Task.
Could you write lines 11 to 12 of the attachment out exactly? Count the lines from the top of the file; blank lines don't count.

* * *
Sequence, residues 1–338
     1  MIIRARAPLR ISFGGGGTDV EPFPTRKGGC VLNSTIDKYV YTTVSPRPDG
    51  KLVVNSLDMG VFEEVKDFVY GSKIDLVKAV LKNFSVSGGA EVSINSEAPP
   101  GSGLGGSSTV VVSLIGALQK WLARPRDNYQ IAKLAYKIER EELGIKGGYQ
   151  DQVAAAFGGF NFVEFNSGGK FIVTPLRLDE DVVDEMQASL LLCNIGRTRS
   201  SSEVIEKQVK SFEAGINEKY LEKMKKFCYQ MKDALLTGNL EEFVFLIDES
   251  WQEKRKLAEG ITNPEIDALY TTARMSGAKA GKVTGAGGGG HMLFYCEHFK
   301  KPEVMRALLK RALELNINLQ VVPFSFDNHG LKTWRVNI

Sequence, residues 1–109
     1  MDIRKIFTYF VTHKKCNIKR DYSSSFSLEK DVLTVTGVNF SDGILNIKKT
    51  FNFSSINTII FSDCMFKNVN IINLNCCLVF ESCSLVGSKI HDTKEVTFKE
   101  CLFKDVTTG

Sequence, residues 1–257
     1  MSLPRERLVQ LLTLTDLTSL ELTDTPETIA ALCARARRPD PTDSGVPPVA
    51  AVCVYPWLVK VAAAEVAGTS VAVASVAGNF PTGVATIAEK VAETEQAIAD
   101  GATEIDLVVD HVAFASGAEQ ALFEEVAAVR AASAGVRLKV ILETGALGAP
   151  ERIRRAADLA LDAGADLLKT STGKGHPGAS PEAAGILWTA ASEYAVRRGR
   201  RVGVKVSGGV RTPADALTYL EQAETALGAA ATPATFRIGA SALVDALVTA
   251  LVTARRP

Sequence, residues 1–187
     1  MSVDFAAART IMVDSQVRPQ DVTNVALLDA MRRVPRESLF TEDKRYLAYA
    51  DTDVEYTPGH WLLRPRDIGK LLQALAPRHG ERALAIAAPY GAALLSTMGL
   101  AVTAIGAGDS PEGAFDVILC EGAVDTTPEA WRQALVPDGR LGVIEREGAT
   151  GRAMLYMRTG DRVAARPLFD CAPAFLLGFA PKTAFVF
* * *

    51  FNFSSINTII FSDCMFKNVN IINLNCCLVF ESCSLVGSKI HDTKEVTFKE
   101  CLFKDVTTG